The data-center unit declined 6.3 percent from a year earlier in the recent period, compared with growth of 9 percent in the fourth quarter. In January, Intel executives predicted that orders would pick up once customers worked through stockpiles of unused chips. Intel’s Xeon processors account for more than 95 percent of the market for chips that run servers, the machines that provide the backbone of the internet and corporate networks.
Cloud-computing companies such as Amazon.com Inc., which reported strong earnings Thursday, have ordered massive amounts of equipment to meet the insatiable demand for data processing. Such spending has been one of the key drivers of growth in the chip industry over the past few years. With its cautious outlook, Intel joined other chipmakers, such as Xilinx Inc. and Texas Instruments Inc., in signaling that massive spending on infrastructure isn’t going to come raging back this year.
Intel’s first-quarter challenges weren’t confined to server chips. In memory, the company’s investments in a new type of semiconductor weren’t able to provide a cushion from a decline in the price of industry-standard parts it makes. Operating losses in that business widened to $297 million in the quarter, compared with a loss of $81 million in the same period a year earlier. Swan said the unit will have to do a better job of providing a return on investments, adding that he would look at options including partnerships with other companies.
Intel also announced earlier this month that it will wind down a multibillion-dollar, decades-long effort to stake a claim in chips for the mobile-phone industry. After Intel’s one significant customer, Apple Inc., said it will return to using Qualcomm Inc. for its iPhones, Intel said it will stop developing chips for 5G smartphones and will complete an assessment of the opportunities for modems in personal computers and other devices.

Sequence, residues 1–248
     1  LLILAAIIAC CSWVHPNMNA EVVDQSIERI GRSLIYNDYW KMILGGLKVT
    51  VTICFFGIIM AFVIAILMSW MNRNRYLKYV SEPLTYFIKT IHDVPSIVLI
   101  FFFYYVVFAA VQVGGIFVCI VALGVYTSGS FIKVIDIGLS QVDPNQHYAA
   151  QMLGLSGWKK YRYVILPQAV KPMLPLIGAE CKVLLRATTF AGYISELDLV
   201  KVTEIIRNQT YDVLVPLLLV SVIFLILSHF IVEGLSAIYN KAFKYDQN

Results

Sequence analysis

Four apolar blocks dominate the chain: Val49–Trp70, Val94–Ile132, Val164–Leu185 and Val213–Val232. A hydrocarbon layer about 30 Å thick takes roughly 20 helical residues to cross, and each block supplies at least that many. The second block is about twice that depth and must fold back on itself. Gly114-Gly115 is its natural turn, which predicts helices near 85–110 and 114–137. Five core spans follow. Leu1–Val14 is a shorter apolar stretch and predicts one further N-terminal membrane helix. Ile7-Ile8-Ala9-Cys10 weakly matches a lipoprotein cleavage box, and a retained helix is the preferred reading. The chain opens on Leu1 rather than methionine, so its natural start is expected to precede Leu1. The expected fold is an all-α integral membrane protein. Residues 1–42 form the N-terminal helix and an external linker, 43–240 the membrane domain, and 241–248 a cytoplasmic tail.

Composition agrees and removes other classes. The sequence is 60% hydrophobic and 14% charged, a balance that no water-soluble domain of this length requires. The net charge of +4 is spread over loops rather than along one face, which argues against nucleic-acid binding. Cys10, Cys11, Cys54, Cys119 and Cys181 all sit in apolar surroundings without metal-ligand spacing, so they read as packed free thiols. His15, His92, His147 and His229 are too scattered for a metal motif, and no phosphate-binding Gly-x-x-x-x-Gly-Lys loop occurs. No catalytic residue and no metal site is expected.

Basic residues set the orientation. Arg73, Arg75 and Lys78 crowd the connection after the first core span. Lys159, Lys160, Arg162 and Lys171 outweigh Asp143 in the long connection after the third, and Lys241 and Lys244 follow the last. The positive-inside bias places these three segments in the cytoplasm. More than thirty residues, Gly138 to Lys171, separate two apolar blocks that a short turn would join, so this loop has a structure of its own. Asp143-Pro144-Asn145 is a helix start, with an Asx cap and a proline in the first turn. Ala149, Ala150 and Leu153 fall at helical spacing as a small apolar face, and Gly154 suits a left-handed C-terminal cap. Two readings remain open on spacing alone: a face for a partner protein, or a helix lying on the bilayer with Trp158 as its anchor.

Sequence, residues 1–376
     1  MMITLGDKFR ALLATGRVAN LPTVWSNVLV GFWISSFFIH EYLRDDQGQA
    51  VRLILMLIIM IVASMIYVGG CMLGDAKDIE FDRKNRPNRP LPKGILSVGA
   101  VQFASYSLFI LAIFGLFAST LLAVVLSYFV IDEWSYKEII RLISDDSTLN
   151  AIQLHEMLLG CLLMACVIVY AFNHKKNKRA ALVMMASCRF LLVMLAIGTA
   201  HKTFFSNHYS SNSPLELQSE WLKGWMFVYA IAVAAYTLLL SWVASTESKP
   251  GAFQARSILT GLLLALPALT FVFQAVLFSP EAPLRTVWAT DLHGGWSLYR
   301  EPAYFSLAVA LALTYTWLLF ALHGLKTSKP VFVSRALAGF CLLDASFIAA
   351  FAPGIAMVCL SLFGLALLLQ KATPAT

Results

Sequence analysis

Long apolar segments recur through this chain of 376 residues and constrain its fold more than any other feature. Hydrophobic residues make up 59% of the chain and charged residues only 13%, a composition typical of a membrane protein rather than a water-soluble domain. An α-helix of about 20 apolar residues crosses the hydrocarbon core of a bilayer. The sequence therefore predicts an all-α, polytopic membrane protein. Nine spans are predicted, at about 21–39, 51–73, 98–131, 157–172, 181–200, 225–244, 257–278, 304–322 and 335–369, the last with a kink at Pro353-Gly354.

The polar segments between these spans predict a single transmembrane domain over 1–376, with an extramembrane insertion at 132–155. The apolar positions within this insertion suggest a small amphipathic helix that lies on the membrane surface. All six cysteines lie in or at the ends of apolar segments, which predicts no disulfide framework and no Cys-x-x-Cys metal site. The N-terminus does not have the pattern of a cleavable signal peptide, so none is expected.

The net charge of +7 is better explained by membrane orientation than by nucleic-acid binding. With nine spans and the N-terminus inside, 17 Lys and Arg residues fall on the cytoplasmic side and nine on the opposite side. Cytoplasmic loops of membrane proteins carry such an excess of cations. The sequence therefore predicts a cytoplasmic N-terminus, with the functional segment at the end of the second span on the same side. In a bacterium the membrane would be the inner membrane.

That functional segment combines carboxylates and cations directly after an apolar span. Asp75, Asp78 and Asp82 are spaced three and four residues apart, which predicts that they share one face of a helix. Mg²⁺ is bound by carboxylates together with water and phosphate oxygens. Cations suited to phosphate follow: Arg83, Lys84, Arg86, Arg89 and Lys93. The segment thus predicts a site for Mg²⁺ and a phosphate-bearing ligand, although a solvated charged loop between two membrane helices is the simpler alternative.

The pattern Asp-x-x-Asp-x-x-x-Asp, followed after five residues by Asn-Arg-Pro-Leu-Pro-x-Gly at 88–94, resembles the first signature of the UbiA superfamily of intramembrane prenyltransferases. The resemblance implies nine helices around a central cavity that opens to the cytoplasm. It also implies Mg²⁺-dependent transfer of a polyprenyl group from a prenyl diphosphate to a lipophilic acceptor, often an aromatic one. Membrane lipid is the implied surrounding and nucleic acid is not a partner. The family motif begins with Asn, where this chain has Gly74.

Though the server market is more profitable, Intel still gets the majority of its revenue from the PC market, and its processors are the main component in most of the world’s laptops and desktops. That business posted first-quarter sales of $8.59 billion, up 4.5 percent from a year earlier. Shortages of some parts, caused by manufacturing issues at Intel’s plants, have limited shipments of PCs in recent quarters. Swan said those shortages will continue through the first half of the year.
The company has been struggling to shift its factory network to more advanced techniques. That’s left Intel and the computer industry short of manufacturing capacity. In response, the company prioritized making chips that it can charge more for -- server and high-end desktop processors -- causing a scarcity of supply, particularly for cheaper laptops.
Intel initially sparked concern last year that it may be losing its edge in manufacturing when the company confirmed that it wouldn’t mass-produce semiconductors made with 10-nanometer technology until later this year. That may put it behind chipmaking rivals such as Taiwan Semiconductor Manufacturing Co.
(Updated with shares in paragraph 3, 4.)